The NSW Government is investing $2 million in a university-led cyber security network, with the aim being to protect the public sector and industry against cyberattacks.
Announced by Minister for Finance, Victor Dominello, the NSW Cyber Security Council will bring together leading scientists and engineers from seven of the state’s universities to:
- harness the expertise of researchers, linking them with relevant industry partners, to bolster cyber security research and development (R&D) and identify solutions to emerging challenges;
- provide industry with strategic and operational advice on cyber security threats; and
- strengthen the cyber security capability pipeline for industry and government by developing specialist training for university students along with interested parties within industry.
“Cyber security is an evolving threat and that’s why we’re partnering with some of the country’s best and brightest researchers to ensure systems within government and the private sector are resilient and fit-for-purpose in 2018 and beyond,” Minister Dominello said.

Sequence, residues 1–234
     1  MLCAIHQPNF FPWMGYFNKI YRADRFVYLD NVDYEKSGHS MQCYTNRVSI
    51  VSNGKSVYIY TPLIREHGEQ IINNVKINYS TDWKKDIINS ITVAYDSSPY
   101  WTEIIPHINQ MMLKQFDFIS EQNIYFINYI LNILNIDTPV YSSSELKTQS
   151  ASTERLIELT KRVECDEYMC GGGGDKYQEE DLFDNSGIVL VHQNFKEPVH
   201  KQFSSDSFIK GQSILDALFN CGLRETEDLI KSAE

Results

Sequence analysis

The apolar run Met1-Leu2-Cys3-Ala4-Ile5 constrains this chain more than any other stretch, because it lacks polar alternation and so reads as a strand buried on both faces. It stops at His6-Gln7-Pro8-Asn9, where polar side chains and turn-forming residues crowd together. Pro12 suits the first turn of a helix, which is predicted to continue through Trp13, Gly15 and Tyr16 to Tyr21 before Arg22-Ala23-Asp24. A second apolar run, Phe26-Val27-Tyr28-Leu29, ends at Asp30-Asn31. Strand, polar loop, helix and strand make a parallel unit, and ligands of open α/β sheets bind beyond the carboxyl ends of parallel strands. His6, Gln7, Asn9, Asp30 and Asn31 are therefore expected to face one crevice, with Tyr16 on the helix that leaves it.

“This is also an opportunity to boost our growing cyber security workforce and promote the importance of STEM. The global market for cyber protection is forecast to be worth $170 billion by 2020, and NSW is in a unique position to be a jobs hub for this emerging sector.”
The NSW Chief Scientist & Engineer, Professor Mary O’Kane added that the new council “takes the state’s strength in cyber security R&D across public universities and research institutions and connects it with government agencies and businesses experiencing cyber security challenges.”
The initiative has been welcomed by key industry groups, including AGL Energy, the NRMA and the Commonwealth Bank of Australia.
UNSW Sydney, Macquarie University, the University of Sydney, the University of Wollongong, the University of Newcastle, the University of Technology Sydney and Western Sydney University are the founding universities involved in the network, which will be chaired by former public servant and policymaker Neville Stevens